“What have we learned from the experience and the example of this fine young man? Courage has taken on a new meaning for each of us.  …  We all face life with its uncertainties and grope for the means to deal with these uncertainties as they appear on the scene. Courage is not easy to come by nor is it easy to maintain once adversity sets in, but Tommy demonstrated that Christian courage can overcome the cruelest blow and Webster’s dictionary now has a new meaning to add under that word – Tommy Edwards.”     

SO− all the honors and accolades a person can accumulate in a lifetime are nothing in light of Eternity. But they can give a person a platform from which to proclaim the Good News of the Gospel of Jesus Christ, which is what Tommy did in the last days of his life.

The writer of Ecclesiastes said, God has made everything beautiful in its time. Also He has put eternity in their hearts.

As I said earlier, cancer knocked Tommy to his knees and he chose to land at the foot of the cross. When he looked up he saw Jesus and came face to face with Eternity.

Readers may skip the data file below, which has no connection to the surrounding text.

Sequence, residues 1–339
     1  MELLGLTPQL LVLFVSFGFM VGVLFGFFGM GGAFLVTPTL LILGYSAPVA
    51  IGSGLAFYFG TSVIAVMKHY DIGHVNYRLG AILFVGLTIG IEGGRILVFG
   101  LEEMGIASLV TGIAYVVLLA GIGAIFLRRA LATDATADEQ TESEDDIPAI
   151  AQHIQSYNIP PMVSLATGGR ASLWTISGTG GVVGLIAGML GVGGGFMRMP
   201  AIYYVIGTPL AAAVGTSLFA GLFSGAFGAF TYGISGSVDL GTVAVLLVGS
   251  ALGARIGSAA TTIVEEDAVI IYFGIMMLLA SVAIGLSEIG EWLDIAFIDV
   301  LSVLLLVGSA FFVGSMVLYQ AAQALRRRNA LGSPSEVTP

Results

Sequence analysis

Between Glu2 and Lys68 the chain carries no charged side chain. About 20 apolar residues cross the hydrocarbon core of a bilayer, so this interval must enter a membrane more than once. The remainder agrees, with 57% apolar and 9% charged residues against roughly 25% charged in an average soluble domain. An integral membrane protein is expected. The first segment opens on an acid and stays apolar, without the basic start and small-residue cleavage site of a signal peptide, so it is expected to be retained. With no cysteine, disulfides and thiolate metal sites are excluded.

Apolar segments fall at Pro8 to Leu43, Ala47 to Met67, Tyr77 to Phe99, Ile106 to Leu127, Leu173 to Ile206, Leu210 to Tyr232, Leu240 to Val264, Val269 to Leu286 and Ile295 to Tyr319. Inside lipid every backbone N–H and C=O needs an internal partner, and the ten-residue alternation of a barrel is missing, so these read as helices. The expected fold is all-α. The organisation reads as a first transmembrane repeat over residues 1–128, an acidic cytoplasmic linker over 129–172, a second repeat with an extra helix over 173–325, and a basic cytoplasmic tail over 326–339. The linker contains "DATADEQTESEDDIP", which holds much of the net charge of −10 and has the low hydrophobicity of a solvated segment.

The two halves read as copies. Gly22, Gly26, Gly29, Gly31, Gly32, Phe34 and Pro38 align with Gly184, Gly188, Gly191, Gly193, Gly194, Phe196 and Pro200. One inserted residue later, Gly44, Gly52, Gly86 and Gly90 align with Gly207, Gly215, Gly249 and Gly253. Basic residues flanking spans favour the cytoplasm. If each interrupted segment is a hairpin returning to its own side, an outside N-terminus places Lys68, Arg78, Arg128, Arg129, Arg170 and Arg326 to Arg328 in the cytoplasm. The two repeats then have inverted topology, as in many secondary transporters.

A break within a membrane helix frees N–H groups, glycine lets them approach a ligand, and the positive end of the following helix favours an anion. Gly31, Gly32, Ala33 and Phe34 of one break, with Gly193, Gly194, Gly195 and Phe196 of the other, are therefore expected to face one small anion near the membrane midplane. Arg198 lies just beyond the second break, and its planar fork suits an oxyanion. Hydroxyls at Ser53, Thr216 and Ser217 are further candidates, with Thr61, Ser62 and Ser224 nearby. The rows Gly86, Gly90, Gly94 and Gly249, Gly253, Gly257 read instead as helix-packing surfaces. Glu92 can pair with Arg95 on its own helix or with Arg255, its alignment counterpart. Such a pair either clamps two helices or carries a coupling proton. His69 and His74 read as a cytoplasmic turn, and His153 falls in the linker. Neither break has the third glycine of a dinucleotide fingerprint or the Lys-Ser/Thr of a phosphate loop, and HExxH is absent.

We’ll all come face to face with Eternity one day. And I so look forward to the glorious reunion with Tommy and other loved ones who’ve chosen to follow Jesus.   
We usually think of cancer as a curse, but cancer perfected Tommy.
It brought out the very best in him and was the catalyst that ultimately brought him to total wellness and wholeness in Eternity. 
So now, with great joy, I accept this award for Tommy.  And on behalf of our family, thank you.

---- We all go through trials of some kind from time to time. Some have cancer or other dreaded afflictions, many have debilitating financial problems, and lots of people seem to have one family crisis after another. We even know folks who have trials in all of the above areas.